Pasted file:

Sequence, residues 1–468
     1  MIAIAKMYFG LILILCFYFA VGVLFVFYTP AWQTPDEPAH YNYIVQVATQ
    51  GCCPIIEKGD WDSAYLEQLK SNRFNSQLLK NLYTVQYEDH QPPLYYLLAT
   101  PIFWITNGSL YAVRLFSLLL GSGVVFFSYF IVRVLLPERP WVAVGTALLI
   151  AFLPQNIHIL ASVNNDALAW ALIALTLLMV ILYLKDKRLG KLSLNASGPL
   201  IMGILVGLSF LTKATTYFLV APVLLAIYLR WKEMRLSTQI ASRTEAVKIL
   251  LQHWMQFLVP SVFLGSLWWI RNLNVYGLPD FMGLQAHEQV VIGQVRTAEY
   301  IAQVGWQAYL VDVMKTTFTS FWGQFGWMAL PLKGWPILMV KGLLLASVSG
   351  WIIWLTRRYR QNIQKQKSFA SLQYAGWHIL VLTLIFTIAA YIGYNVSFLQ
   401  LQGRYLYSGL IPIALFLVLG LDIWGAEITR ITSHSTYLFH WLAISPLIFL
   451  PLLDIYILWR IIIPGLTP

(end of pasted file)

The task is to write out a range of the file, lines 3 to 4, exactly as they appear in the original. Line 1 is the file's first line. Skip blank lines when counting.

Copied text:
    51  GCCPIIEKGD WDSAYLEQLK SNRFNSQLLK NLYTVQYEDH QPPLYYLLAT
   101  PIFWITNGSL YAVRLFSLLL GSGVVFFSYF IVRVLLPERP WVAVGTALLI